When young men and women join the armed forces, their families understand the seriousness of “the knock.” When a soldier is killed, the Department of Defense dispatches officers to find the next of kin, knock on their door, and inform them of the loss, face to face. “I used to have a terrible fear of leaving my house,” one military mother explains in Unbreakable Bonds, “that I would not be home when they knocked on my door.” Dava Guerin and Kevin Ferris deal not with “the knock,” but with “the call.”
When a service member is wounded, communications are shut down to make sure the family is notified first, and doesn’t find out about their children’s injuries on social media sites or by any other external means.
This book is about what happens to families after “the call.” Staff Sergeant Stefanie Mason suffered a traumatic brain injury during a Humvee crash in Kabul. At home in Delaware, her mother, Paulette, got the call. The next morning, desperate to know more about her daughter’s condition, Paulette called a friend in the Pentagon. He called a former colleague stationed in Bagram. And within a few hours, that woman called Paulette. “I’m sitting here at Stefanie’s bedside,” she said. “I’m holding her hand. She doesn’t know what’s going on, and she’s in and out of consciousness. But she wants to talk to you.” The next thing Paulette heard was Stefanie, who managed just four words: “Mom, I need you,” she said.
Like many critically wounded soldiers, Stefanie Mason was soon sent to a hospital in Germany, where she was further stabilized. And then, finally, she made it to Walter Reed, now in Maryland, where she and other “lucky” soldiers begin to heal. If things go well, they’re eventually moved to a residential rehabilitation center on the Walter Reed campus called Building 62. But Stefanie did not make this journey alone: Like many wounded warriors, she was accompanied, at every step, by her mother.
This is the unbreakable bond Guerin and Ferris refer to as they profile 10 critically wounded soldiers and their mothers—the Mighty Moms, as these remarkable women are referred to around Walter Reed.
The stories in Unbreakable Bonds are often difficult to read. Nearly 2,000 soldiers have been catastrophically injured in Iraq and Afghanistan, losing limbs and suffering from traumatic brain injuries. Lance Corporal Josh Brubaker is one of them. He stepped on an IED while on patrol in Helmand Province in Afghanistan in June 2012. Guerin and Ferris recount the damage: “His left leg was blown off below his knee. His right knee was shattered; he had major trauma to his pelvis, and soft tissue damage to his left hand.” He survived for one amazing reason: His Marine buddies and the helicopter pilot moved at light speed, getting him into surgery just 12 minutes after the blast. Twelve minutes.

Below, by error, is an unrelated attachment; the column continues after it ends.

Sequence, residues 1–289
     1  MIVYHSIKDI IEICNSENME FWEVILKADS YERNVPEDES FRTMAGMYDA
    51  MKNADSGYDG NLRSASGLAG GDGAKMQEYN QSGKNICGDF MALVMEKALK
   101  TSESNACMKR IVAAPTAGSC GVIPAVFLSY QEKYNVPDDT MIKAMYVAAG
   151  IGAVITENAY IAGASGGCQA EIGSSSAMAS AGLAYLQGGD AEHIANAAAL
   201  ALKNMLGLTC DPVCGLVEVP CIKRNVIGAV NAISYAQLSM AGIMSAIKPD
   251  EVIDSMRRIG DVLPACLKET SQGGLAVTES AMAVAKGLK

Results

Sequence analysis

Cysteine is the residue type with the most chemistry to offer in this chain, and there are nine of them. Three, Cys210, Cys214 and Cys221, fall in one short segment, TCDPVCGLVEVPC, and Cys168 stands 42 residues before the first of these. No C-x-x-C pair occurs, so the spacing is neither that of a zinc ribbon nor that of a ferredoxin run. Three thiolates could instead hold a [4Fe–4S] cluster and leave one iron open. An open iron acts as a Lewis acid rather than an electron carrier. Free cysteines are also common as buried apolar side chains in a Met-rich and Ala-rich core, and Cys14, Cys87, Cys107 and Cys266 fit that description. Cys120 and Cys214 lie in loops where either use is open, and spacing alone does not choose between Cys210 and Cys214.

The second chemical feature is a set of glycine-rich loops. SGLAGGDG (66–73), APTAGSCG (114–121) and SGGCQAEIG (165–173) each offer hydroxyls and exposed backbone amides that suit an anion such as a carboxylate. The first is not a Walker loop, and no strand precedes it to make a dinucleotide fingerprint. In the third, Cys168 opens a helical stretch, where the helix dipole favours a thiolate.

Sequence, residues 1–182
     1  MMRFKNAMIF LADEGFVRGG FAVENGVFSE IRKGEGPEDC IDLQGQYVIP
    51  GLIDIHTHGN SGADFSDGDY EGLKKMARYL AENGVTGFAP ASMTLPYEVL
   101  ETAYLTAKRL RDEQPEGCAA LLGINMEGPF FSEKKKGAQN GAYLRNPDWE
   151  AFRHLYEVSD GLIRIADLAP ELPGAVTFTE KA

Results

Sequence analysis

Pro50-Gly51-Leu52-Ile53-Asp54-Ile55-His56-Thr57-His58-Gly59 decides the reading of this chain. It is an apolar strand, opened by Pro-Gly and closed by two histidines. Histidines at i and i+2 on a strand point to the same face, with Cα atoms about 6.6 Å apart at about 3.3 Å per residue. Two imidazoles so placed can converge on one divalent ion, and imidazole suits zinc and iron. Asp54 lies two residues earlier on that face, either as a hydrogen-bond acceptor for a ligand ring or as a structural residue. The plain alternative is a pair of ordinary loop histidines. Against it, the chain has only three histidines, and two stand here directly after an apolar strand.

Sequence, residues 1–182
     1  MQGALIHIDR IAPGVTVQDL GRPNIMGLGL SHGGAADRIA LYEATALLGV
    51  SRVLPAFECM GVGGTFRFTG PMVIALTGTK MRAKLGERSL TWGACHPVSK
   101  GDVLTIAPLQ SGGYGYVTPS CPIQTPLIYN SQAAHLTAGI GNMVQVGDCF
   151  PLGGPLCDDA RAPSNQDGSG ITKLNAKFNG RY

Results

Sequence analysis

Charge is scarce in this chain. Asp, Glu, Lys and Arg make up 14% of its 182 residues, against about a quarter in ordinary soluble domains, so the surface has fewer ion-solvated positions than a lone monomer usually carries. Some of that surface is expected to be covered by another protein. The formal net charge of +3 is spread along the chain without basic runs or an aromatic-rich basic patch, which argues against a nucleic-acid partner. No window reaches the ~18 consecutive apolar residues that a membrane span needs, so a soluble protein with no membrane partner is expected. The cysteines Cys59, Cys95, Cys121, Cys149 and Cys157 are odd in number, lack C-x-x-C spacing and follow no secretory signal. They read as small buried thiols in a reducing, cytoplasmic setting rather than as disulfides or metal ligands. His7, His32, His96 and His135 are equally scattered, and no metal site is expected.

Josh went through two operations in Afghanistan and was then placed in a medically induced coma and flown to Landstuhl, Germany, where he underwent more surgeries to stabilize him for transit to Walter Reed. The Marines made sure that his parents were in Maryland, at the airport, when his plane touched down. But from there, Josh spent three weeks in intensive care, before the really bad stuff happened. His IED had been “dirty,” and a blood infection set in. His right leg had to be amputated. And then one of his arteries ruptured. His mother Mary was by his side throughout.
You have in your head that the doctors would just stitch them up and things would be fine. Just like a car accident, they would close up the wound and send them home. But I knew this wasn’t going to be the case. It’s hard to look at your kid when he’s blown up. . . . Sometimes I would remember when he was a little baby and I would tickle his toes. Now, I just miss those legs.
The Mighty Moms aren’t just moral support. For soldiers like Josh who manage to make it to rehabilitation, their mothers often become essential, full-time caregivers. The military designates them as nonmedical attendants and pays them a token sum of $72 a day. The work of rehabilitation often spans months and, sometimes, years. The strain is enormous.
Pam Carrigan Britt describes what happened to her after her son, Tyler, stepped on an IED: “As soon as I got the call about Tyler I contacted my boss and told her what happened and that I didn’t know when I would be back. My life was in complete disarray, and I kept thinking I would lose my house, my husband, my job, my life—everything.” Pam’s coworkers responded in magnificent fashion: They donated sick and vacation leave so that she could take time off with pay. Her boss told her that her job would be waiting for her, whenever.